Wednesday, August 16, 2006

Spain To Permit Legal Gender Switch Without Surgery


DANIEL WOOLLS
The Associated Press

MADRID, Spain

Men who want to be considered women -- and vice versa -- under Spanish law could do so without sex-change surgery under a plan passed Friday by the government, in the latest chapter of a liberal agenda that has angered the Roman Catholic Church.

The bill says transsexuals can change their gender listing and name in Spanish civil registries without undergoing surgery, but on several conditions. A doctor must certify they were born the wrong sex and have been living for an extended period under the one they want, and the person must undergo hormonal or other medical treatment to encourage the change of identity.

"Transsexuality, understood as a change in gender identity, is a social reality that requires a legislative response," Deputy Prime Minister Maria Teresa Fernandez de la Vega said after a Cabinet meeting.

Spain is home to 7,000 to 9,000 transsexuals -- people who believe they were born with the wrong sex -- but the number of those who have actually undergone sex-change surgery is not known, said Beatriz Gimeno, president of Spain's main federation of gays, lesbians and transsexuals.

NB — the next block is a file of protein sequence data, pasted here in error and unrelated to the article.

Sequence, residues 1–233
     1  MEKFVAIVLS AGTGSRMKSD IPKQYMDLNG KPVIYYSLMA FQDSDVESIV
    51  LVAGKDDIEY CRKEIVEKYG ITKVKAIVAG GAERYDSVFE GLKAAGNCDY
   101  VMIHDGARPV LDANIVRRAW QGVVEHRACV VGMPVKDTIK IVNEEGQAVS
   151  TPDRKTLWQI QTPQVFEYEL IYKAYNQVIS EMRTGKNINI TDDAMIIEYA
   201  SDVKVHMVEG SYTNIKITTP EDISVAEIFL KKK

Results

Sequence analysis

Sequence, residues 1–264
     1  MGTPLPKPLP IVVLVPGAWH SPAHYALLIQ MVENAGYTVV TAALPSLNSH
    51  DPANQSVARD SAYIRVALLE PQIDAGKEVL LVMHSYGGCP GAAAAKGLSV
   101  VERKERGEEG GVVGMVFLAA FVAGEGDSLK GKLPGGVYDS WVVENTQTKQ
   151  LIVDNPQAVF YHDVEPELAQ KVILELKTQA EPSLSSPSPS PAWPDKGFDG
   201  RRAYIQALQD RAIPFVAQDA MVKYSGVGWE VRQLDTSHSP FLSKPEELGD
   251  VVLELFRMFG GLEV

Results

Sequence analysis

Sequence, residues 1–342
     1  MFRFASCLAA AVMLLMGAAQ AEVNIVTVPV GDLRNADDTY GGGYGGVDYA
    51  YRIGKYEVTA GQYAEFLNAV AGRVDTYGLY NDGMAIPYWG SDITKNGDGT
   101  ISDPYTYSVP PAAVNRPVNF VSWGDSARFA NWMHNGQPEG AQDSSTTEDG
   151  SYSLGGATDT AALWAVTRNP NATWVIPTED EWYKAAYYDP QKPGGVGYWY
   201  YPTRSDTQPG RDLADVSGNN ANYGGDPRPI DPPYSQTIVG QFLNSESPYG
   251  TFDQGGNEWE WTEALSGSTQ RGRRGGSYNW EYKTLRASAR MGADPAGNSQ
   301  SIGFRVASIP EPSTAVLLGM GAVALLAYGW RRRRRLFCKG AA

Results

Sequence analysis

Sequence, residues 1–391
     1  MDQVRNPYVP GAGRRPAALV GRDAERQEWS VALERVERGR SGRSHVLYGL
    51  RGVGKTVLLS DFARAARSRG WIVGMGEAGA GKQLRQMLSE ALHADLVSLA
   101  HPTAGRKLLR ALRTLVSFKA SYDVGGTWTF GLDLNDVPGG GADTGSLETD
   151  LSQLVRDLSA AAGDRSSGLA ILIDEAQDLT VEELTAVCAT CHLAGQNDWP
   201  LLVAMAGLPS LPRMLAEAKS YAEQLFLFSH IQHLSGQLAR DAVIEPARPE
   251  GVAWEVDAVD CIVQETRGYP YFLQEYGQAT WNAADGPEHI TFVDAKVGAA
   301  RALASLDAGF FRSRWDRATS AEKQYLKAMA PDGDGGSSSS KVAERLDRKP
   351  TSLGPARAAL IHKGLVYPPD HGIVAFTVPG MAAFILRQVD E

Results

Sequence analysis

She welcomed the new bill, which must go before Parliament, saying Spain was far behind other countries of Europe in protecting the rights of transsexuals.

"It is good that we get up to date with regard to the rights of these people, who are Spanish citizens," Gimeno said.

Spain's state-funded health care system is run by regional governments, two of which -- Andalusia and Extremadura, both in the south -- pay for sex-change operations, according to the Health Ministry.

The new bill is the latest plank in the Socialist government's liberal platform, which has also included legalization of gay marriage and making it easier for Spaniards to divorce.

The measures have infuriated the Catholic Church, which accuses Prime Minister Jose Luis Rodriguez Zapatero of undermining traditional family values.

Pope Benedict XVI will visit the Spanish city of Valencia in July for a gathering dedicated to family issues, and during his stay he is due to meet with Zapatero.

1 comment:

Monica Roberts said...

Too bad our country isn't as forward thinking as Spain and other European nations are.